§2. References to such a staging of a seduction scene inside the sacred space of Hera can be found in a set of relevant sources considered by Laura Swift (2015:19), and I will highlight here two of them.
§3. One of these sources is a poem of Dioscorides, who lived in the third century BCE. In this poem, preserved in the Greek Anthology (7.351), the daughters of Lykambes are pictured as speaking from the dead—from a tomb in which they are buried—and they are lamenting their suicide caused by what they say were false stories told about them by Archilochus: they deny, as we read at verses 7–8, that Archilochus ever succeeded in seducing them—that he ever even saw them ‘in the causeways [aguiai]’ of the city (ἐν ἀγυιαῖς) and ‘in the great precinct [temenos] of Hera’ (῞Ηρης ἐν μεγάλῳ τεμένει). These daughters of Lykambes, pictured here as speaking from their tomb, are evidently the same two girls whose reputations were ruined in the first-person narrative of the Cologne Epode of Archilochus.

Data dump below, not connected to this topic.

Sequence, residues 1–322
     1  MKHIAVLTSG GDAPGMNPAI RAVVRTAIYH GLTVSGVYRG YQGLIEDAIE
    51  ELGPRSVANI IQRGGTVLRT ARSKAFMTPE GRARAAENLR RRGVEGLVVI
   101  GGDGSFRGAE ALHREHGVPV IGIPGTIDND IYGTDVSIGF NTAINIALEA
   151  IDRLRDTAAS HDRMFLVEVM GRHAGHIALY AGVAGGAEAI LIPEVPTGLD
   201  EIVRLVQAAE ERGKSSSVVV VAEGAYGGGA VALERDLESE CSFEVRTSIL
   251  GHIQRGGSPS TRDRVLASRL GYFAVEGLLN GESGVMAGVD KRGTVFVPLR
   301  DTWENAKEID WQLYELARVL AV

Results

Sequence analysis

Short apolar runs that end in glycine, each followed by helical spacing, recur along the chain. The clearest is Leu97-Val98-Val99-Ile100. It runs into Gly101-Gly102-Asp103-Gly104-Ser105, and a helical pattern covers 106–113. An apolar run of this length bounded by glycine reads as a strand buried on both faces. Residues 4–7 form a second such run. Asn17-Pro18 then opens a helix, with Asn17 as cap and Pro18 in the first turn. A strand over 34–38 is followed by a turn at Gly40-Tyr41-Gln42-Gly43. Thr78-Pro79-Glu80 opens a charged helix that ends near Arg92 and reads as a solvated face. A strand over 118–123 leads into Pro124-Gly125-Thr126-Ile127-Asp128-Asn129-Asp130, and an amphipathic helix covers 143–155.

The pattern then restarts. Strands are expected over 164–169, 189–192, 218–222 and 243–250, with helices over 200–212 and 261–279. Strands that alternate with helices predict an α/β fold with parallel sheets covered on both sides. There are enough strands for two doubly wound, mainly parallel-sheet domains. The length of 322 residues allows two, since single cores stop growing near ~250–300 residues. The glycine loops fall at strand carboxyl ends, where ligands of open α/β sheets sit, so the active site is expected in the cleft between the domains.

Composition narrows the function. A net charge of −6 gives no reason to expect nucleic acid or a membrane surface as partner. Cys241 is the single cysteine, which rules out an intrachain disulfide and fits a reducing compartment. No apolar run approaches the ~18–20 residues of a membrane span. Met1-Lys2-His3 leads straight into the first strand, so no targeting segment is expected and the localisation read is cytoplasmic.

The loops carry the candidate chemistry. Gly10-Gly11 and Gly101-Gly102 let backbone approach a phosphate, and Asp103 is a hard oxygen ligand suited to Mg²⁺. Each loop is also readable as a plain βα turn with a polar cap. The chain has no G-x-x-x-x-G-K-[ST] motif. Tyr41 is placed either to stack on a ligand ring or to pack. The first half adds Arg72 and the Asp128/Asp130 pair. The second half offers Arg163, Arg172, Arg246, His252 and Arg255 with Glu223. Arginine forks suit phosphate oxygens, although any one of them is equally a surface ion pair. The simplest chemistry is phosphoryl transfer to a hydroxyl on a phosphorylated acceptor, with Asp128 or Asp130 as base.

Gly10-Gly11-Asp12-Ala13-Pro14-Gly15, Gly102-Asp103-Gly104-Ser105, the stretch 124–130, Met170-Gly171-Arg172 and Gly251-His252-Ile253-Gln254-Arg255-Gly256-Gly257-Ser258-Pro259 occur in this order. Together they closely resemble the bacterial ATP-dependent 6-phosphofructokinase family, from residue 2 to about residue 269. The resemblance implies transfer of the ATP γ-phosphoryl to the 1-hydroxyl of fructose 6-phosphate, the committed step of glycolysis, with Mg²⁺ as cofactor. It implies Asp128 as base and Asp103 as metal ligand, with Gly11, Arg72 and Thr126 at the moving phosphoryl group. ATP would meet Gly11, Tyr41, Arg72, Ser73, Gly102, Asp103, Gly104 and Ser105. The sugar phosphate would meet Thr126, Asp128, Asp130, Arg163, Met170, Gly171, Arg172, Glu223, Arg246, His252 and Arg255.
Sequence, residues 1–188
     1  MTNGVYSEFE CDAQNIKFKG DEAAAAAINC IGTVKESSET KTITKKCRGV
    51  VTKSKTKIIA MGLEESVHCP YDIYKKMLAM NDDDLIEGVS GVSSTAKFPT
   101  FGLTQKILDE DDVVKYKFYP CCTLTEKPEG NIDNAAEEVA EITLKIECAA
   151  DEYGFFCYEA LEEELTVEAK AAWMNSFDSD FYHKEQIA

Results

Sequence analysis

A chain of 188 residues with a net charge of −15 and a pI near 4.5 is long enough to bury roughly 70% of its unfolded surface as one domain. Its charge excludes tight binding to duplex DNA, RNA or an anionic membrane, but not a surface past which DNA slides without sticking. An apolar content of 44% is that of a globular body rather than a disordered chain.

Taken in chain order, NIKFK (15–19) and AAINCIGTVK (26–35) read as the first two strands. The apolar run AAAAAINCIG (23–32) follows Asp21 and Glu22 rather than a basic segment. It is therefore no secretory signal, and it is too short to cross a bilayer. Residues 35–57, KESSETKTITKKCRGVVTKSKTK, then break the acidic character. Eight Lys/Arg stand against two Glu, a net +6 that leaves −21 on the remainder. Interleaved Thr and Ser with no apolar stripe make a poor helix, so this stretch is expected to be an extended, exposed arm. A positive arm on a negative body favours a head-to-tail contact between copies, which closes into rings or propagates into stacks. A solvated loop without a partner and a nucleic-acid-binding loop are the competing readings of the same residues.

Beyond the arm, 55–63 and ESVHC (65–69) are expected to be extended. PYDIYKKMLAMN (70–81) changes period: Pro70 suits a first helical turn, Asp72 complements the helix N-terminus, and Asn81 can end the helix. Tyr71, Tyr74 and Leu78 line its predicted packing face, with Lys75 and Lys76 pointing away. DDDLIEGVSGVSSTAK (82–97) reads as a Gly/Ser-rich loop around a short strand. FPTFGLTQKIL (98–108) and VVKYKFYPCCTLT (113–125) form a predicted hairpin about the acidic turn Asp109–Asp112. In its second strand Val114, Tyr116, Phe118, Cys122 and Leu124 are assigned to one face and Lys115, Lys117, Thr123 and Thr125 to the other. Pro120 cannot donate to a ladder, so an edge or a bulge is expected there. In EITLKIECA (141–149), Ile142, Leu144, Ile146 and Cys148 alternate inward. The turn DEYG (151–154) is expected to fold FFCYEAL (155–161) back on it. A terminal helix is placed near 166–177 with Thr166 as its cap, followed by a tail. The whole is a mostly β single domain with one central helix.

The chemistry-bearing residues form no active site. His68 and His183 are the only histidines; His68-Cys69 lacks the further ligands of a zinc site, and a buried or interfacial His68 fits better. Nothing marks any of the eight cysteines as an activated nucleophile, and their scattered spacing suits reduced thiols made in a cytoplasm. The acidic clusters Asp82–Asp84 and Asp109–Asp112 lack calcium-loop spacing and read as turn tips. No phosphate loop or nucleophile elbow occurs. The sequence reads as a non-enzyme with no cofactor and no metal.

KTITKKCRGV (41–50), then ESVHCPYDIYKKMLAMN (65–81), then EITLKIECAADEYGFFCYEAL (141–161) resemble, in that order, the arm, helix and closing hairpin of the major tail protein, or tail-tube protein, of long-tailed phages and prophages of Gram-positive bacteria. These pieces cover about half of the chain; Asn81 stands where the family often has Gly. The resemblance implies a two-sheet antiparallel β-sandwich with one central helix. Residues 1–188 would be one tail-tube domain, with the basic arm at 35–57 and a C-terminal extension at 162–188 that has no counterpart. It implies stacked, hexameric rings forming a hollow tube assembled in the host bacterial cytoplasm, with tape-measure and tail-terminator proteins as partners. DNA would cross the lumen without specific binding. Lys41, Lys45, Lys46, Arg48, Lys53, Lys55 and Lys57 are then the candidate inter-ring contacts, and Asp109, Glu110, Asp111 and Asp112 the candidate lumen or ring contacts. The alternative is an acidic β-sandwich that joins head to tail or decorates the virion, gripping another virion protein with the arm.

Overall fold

§4. The second of the two relevant sources I am highlighting is a fragmentary poem preserved in Dublin Papyrus 193a, dated to the late third century BCE. Here again the daughters of Lykambes are pictured as speaking from their tomb, protesting what they say were false stories told about them by Archilochus.